In the case of an ALS pathology, a decrease in the expression of the astrocyte glutamate EAAT2 transporters leads to a prolonged excitation of the motoneurons and to participate in their degeneration (excitotoxic hypothesis).
=> Partly done

• Among the factors released by astrocytes, macrophage colony stimulating factor (M-CSF) and monocyte chemoattractant protein (MCP-1) are capable of activating microglial cells by increasing their proliferation (M-CSF) or their migration (MCP-1).
=> Partly done

• Microglial cells are also subject to auto-activation by releasing tumor necrosis factor-α (TNFα) for which they express receptors 1 and 2 (TNFR 1/2) and M-CSF that act on the fms receptor.
=> Partly done

• It models mitochondrial biogenesis and mitophagy, degradation processes of the lysosome and the proteasome, and reactions of the cell to reactive oxygen species (ROS).
=> Partly done

• Activated (pro inflammatory) microglial cells will produce more reactive oxygen species (ROS) such as nitric oxide (NO) via NO synthase and superoxide (O2-) by activation of NADPH oxidases (Nox 1/2), but also pro-inflammatory cytokines 6 (IL-1β, IL-6) and prostaglandins (PGE2) by activation of cyclooxygenase 2 (COX2).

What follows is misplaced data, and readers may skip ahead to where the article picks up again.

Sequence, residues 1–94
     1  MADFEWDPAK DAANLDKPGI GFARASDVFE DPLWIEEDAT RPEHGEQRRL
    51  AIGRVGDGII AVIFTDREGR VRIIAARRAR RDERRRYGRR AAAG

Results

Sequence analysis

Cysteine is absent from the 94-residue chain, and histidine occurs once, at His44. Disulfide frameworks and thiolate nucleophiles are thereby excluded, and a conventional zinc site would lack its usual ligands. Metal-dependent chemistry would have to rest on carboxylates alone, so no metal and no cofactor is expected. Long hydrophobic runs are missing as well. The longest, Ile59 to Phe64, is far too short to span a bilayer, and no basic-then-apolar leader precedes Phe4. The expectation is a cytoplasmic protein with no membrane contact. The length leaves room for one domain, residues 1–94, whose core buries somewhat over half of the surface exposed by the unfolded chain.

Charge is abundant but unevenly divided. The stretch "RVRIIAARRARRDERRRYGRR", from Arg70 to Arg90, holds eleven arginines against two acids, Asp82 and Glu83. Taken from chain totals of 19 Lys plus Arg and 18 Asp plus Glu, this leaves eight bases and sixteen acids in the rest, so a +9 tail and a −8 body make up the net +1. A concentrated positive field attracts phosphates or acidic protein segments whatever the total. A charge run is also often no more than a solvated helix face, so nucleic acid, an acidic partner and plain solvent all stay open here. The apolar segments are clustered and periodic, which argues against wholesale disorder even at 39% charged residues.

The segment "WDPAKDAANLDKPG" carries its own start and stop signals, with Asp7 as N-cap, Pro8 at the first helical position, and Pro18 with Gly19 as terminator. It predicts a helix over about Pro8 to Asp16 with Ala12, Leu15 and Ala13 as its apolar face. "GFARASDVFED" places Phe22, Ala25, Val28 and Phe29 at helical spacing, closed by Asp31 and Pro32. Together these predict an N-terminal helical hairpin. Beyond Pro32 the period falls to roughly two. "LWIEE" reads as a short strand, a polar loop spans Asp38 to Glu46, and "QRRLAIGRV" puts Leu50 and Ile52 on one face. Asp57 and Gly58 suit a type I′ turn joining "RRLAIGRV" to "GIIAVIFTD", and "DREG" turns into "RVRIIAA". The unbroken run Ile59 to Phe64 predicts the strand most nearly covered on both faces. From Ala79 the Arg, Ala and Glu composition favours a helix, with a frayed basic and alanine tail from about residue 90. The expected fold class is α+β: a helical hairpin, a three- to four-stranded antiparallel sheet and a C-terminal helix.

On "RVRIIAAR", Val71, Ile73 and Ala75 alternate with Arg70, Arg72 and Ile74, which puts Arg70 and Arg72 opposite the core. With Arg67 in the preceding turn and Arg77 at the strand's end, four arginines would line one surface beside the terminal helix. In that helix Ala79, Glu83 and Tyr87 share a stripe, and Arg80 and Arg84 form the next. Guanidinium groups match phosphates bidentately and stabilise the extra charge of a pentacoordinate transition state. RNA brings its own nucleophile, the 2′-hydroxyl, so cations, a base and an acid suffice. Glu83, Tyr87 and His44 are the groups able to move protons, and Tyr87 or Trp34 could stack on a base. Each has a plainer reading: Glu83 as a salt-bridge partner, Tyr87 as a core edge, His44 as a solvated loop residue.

=> Partly done

• Extracellular ATP, probably from damaged motor neurons, binds to microglia purinergic P2 receptors, thereby contributing to microglial activation.
=> Partly done

• Dendritic cells (antigen-presenting cells) secrete MCP-1, which probably participates in the infiltration of peripheral immune cells.
=> To be done

• Motor neurons can also participate in glial cell activation by releasing mutant SOD1 co- secreted with chromogranin (Cg) that can bind to CD14 acting in concert with Toll-like receptors (TLR2 / 4).
=> To be done

• The adaptive immune system is also part of the degenerative response of motor neurons. T cells (CD4+ and CD8+) from the periphery of the spinal cord enter in it during (or even initiating) the inflammatory process of ALS.
=> To be done (A model has been investigated: Mishra et al. Journal of Neuroinflammation (2017) 14:251)
(Another interesting model is: Mishra et al. Journal of Neuroinflammation (2016) 13:212)

• CD4+ lymphocytes appear to have a neuroprotective effect by directly releasing inflammatory factors such as interleukins 4 and 10 (IL-4, IL-10) or by acting on microglial cells to increase their neurotrophic function (production of insulin-like growth factor-1 (IGF-1)) .
=> To be done

• The role of infiltrating CD8+ T cells remains to determine and are B cells (or not) present in the spinal cord?
=> To be done

• Neurons become Giant Motor Units (to compensate dying neurons) and become scenescent or even die in the process
=> To be done

• Additionally, the two genes HtrA2 and PINK1, both of which are involved in the mitochondrial stress response, will also be integrated.
=> To be done

• The cell model should include the complete dopamine (DA) synthesis, metabolism, and transport introduced by Best et al.
=> To be done (adapted from Büchel et al. and merged in and then removed because it created instability)